Appendix T.2 Patient Tracking Form .............................................................................................. 51

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Hospital Emergency Operations Plan (EOP) Template

INTRODUCTION

General

AGENCY is a hospital type Hospital 1 located in City, State. As a community-based

nonprofit organization, AGENCY is committed to providing a care that enhances the

community’s quality of life through professional health care and related services. In order to

meet the health care needs of our growing community, AGENCY provides the following

services:

Inpatient/Outpatient and Ambulatory Care

General and Orthopedic Surgery and other physician specialties

Physical Rehabilitation Therapy including speech and occupational therapies

Imaging and Radiology

Medicare Skilled Nursing

Emergency Department

Full-service Laboratory

16 Private Beds

AGENCY is a hospital type that relies on staff and support from the following facilities:

AGENCY

AGENCY

Purpose

The purpose of the AGENCY Emergency Operations Plan (EOP) is to establish a basic

emergency program to provide timely, integrated, and coordinated response to the wide

range of natural and manmade events that may disrupt normal operations and require preplanned

response to internal and external incidents.

The objectives of the emergency management program include:

• To provide maximum safety and protection from injury for patients, visitors, and staff.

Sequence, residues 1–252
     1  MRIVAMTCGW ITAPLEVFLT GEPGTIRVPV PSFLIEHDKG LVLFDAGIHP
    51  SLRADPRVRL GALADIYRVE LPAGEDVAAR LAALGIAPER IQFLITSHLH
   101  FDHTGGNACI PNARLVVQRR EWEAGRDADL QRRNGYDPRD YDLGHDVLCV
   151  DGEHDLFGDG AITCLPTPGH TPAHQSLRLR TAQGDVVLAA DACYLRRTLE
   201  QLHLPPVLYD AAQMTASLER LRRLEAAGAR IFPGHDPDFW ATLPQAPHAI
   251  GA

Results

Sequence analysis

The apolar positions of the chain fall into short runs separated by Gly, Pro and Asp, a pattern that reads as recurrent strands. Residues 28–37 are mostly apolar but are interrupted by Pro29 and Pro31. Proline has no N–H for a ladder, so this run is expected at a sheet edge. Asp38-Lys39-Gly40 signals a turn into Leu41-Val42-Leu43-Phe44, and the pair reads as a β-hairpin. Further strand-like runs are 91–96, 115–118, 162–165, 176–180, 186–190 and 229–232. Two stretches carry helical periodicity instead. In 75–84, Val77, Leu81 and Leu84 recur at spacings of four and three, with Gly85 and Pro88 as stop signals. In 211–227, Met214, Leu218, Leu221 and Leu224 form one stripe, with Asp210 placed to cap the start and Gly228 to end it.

• To attend promptly and efficiently to all individuals requiring medical attention in an

emergency situation.

• To provide a logical and flexible chain of command to enable maximum use of resources.

• To maintain and restore essential services as quickly as possible following an incident.

• To protect hospital property, facilities, and equipment.

• To satisfy all applicable regulatory and accreditation requirements.

Policy

• AGENCY will be prepared to respond to a natural or man-made incident, suspected case

of bioterrorism or other emergency in a manner that protects the health and safety of its

patients, visitors, and staff, and that is coordinated with a community-wide response to a

large-scale incident.

• All employees will know and be prepared to fulfill their duties and responsibilities as part of

a team effort to provide the best possible emergency care in any situation. Each

1 The Critical Access Hospital Program was created by Congress in 1997 to help alleviate the negative